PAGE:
Vivaldi: Violin Concertos

If you like your Vivaldi fast and furious, the violinist Daniel Hope offers plenty of fireworks on his exhilarating new Deutsche Grammophon disc, dedicated to the Baroque composer?s music. The first movement to the Concerto in D Major (RV 234), "L?Inquietudine," opens with explosive fervor -- an energy level also displayed in the Concerto in E-flat, "La Tempesta di Mare," whose difficulty Hope compares to some of Paganini?s music. But the disc is certainly more than just virtuosic dazzle: Hope plays with soulful introspection and quiet dignity in the melancholic slow movements, such as the haunting Largo from the Concerto in E Minor (RV 273). He is accompanied by the excellent Chamber Orchestra of Europe and a continuo group that includes the prominent harpsichordist Kristian Bezuidenhout and performers of the Baroque guitar and harp, theorbo and lirone (a bowed instrument). Hope uses a modern instrument but observes period practice traditions regarding phrasing and ornamentation and the use of minimal vibrato. The result is fresh, invigorating, and deeply expressive. The mezzo-soprano Anne-Sofie von Otter is the soloist in the one vocal excerpt: the gentle aria "Sovvente il sole" from Andromeda Liberata. Her heartfelt, richly hued singing is aptly complimented by Hope?s sweet-toned solos. The disc, which also features an elegant rendition of the Sonata in D Minor Op. 1 no. 12, "La Follia," finishes on a dynamic note with a spirited performance of the Concerto in D Minor Op. 3, no. 11, which Hope often played as a teenager with his mentor, Yehudi Menuhin.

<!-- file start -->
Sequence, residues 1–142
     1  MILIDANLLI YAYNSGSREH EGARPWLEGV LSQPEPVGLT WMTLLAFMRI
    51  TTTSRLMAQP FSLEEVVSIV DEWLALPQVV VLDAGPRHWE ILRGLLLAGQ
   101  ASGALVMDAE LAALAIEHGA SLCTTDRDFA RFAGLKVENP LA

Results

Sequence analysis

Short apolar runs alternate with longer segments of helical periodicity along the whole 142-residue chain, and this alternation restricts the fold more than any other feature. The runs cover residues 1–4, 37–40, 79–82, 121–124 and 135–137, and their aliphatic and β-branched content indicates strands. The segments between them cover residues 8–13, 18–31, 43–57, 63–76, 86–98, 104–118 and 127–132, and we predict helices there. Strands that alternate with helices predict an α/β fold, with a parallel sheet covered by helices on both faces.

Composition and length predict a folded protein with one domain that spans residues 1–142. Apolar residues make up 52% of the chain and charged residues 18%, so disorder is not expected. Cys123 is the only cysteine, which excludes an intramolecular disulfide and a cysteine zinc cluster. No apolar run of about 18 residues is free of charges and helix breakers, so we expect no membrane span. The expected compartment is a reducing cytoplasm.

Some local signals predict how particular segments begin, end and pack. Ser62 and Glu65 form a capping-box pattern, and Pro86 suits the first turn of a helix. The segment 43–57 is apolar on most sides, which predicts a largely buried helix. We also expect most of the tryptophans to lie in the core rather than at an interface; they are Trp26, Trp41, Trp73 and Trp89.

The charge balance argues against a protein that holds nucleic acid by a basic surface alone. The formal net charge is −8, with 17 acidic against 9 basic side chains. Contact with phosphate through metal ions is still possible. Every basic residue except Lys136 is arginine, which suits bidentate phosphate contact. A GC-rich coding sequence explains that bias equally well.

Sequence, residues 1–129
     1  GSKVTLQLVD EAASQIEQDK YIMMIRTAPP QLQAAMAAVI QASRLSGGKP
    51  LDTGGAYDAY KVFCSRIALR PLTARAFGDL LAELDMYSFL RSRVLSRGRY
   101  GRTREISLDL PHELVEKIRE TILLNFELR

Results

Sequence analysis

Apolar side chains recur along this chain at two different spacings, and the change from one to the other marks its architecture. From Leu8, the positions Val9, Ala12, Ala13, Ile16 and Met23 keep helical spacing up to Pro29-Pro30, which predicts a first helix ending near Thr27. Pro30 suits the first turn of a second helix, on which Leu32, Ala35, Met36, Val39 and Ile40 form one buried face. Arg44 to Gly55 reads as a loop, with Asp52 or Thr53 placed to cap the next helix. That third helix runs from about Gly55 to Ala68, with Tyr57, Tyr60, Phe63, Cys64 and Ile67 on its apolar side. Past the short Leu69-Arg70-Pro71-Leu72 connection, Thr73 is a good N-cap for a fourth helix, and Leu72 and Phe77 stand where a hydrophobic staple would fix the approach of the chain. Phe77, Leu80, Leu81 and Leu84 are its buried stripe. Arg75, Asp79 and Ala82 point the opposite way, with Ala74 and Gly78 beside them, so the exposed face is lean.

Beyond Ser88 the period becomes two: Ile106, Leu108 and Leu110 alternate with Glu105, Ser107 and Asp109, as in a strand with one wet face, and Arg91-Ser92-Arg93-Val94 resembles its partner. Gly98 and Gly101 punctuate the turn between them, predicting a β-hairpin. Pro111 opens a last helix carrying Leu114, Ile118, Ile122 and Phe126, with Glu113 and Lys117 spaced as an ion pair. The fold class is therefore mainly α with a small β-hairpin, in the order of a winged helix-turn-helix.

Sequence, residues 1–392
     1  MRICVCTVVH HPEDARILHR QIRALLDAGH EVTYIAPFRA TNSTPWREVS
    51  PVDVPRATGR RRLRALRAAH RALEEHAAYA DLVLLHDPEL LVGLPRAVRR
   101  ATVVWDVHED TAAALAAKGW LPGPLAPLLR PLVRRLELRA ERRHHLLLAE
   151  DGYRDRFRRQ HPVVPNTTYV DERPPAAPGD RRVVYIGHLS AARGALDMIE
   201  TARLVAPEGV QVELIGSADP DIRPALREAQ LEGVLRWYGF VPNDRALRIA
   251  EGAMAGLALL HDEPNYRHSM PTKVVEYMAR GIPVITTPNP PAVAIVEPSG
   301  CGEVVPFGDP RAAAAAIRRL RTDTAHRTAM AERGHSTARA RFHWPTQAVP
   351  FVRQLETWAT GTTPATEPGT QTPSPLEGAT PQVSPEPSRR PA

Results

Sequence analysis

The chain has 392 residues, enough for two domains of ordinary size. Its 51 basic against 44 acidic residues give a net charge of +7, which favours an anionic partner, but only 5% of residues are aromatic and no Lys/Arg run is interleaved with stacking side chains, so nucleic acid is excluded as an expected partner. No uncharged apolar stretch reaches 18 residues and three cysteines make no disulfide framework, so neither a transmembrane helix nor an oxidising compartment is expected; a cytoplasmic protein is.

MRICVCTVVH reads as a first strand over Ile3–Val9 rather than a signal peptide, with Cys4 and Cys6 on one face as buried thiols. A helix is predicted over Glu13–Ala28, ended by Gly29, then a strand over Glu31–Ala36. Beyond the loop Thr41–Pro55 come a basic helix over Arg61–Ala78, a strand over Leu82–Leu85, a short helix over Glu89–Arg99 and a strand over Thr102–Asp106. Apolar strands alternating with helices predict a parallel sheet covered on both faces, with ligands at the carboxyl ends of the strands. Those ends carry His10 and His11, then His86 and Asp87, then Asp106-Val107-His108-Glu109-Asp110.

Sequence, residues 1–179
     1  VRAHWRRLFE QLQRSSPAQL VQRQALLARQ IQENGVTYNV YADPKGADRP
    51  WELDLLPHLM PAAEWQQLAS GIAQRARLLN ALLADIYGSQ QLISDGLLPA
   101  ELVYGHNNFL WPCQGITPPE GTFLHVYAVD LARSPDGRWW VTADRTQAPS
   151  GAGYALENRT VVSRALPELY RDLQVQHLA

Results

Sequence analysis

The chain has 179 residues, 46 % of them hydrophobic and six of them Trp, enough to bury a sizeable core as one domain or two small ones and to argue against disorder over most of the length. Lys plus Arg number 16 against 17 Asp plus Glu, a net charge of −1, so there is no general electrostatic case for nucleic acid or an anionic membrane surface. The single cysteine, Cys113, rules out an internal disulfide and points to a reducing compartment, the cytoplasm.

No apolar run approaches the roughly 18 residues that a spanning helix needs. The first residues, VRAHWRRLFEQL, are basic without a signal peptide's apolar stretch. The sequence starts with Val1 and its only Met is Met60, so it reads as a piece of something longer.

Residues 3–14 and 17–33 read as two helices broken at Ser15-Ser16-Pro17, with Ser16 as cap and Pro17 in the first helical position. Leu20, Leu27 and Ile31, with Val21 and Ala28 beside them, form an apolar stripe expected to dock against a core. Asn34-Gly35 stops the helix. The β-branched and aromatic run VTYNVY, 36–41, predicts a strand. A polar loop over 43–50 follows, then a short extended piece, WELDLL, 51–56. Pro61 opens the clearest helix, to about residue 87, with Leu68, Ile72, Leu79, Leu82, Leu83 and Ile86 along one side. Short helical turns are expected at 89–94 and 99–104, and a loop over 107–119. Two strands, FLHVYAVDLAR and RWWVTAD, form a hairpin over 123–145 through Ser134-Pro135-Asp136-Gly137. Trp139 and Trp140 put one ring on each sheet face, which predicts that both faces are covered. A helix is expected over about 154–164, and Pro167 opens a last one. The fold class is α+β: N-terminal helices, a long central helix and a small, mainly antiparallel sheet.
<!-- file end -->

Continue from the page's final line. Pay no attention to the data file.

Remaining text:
July 22: On this day in 1941, on his twelfth wedding anniversary, Eugene O'Neill presented the just-finished manuscript of Long Day's Journey into Night to his wife, Carlotta.

Crime fiction legends Dennis Lehane and Michael Connelly discuss the new book that unites their beloved sleuths Patrick Kenzie and Harry Bosch.

advertisement
Books, CDs, DVDs to know about now
The Hundred-Year House

When a poetry scholar goes digging through the decrepit estate of his wife's family to uncover a bygone arts colony's strange mysteries, he awakens a tenacious monster: his mother-in-law. A wickedly funny take on aging aristocracies from author Rebecca Makkai (The Borrower).

Watching Them Be

What makes a film actor into a larger-than-life movie star? James Harvey's passionate, freewheeling essays explain why there are some faces (from Greta Garbo's to Samuel L. Jackson's) from which we cannot look away.

Landline

What if you called up the spouse on the verge of leaving you -- and instead found yourself magically talking to his younger self, the one you first fell for?  Rainbow Rowell, author of the YA smash Eleanor & Park, delivers a sly, enchanting take on 21st-century love.